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Each of your representatives in the United States House and Senate is either a Power Broker or a Pawn. There are no other options. This insight ought to scare the daylights out of you.
Sound a bit cynical?
Maybe. But before you reach that conclusion, consider two facts along with how they affect one another:
- Members of Congress are the most dedicated fundraisers in America, spending as much as half or more of their time doing it. (Were you aware of this?)
- When seeking to identify who really has power and controls any large, powerful organization, follow the money.
First, a look at the fundraising fact. Let’s just say you woke up this morning and decided you wanted to become a member of the U.S. House of Representatives. Let’s assume that you and your resume are impressive enough that your national party organization – be it Democrat or Republican – assigns its very best campaign manager to lead the effort to help you land that dream job in Washington, DC. What’s the very first thing you’ll be told you need to do?
First go get $2 Million
If you aim for the Senate, the first task will be slightly different. First go get $11 Million. Keep in mind that these are just the average amounts raised by recent winning candidates. In a contested district, that number can go WAY higher.
Consider the 2017 special election in Georgia’s 6th Congressional District. I moved a few years ago, but lived there for over 30 years, and still pay attention to what’s happening up in the northwest Atlanta suburbs. It’s been a Republican stronghold for many years; the district of former Speaker of the House Newt Gingrich. (Check out my conversation with Newt here.) Tom Price held that seat up to the time his self-important, and spectacularly extravagant, taxpayer-funded travel habits as the Secretary of Health & Human Services caused him to resign in disgrace. Anyway…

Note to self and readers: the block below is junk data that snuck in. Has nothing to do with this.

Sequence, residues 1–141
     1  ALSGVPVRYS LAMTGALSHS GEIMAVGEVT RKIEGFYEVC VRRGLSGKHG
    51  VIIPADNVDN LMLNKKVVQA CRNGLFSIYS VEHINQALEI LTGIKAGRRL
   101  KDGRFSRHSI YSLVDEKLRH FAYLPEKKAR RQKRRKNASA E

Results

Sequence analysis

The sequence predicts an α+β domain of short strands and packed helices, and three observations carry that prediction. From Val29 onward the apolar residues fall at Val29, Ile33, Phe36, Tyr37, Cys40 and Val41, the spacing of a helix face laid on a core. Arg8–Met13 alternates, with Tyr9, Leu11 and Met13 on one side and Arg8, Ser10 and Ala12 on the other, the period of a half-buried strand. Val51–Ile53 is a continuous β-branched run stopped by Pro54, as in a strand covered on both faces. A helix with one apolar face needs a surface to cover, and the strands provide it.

Jon Ossoff, the Democrat candidate, went out and got $30 Million.
Seriously, THIRTY MILLION DOLLARS. That’s 15 times the average amount raised and 50% more than ever before in history. (The old record was $20 Million by Speaker of the House Paul Ryan in 2016). Ossoff’s Republican opponent, Karen Handel, the winner, raised “only” $7 Million – “only” 3.5 times the average.
And that’s not all! So-called “Outside Groups” – as in “sources of additional funny-money not counted under campaign finance laws” spent another $7.5 Million on behalf of Ossoff and yet another $19 Million on behalf of Handel.
So bottom line, these two characters raised over $63 Million dollars for a single election in a single Congressional district!
Think about how much time and effort it takes to raise $100 for the Girl Scouts by selling the freaking cookies… Or to get $100 in donations for your local animal shelter… Or to raise $100 for any organization that’s important to you. Contrast that with the projected $1.1 Billion that will be raised by just the winning candidates for Congressional seats in the 2020 election.
How much time and effort does it take to raise $1.1 Billion?
Oh, and don’t forget about the roughly additional $750 Million cash that will get raised that doesn’t count under the current campaign finance rules!
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(Just for some additional perspective… That means getting more than $7,500 in donations every working day for the entire 2-year election cycle. Curious about how many boxes of Girl Scout cookies you’d need to sell to get $7,500 per day of profit? I looked it up, and the answer is a bit more than 2,000 boxes per day – every working day – year after year after year – for your entire political career!)
And all that just accounts for the winners!
Think about this… The 435 people running for House and the 33 running for the Senate that will end up winning in the next election are hard at work right now – every day – scrounging up a couple of billion dollars. Ah, but after the win, they’ll all buckle down and focus on governing well, right? WRONG!!! Typically, 85% of Congress wins re-election, so guess what they do the day after they win?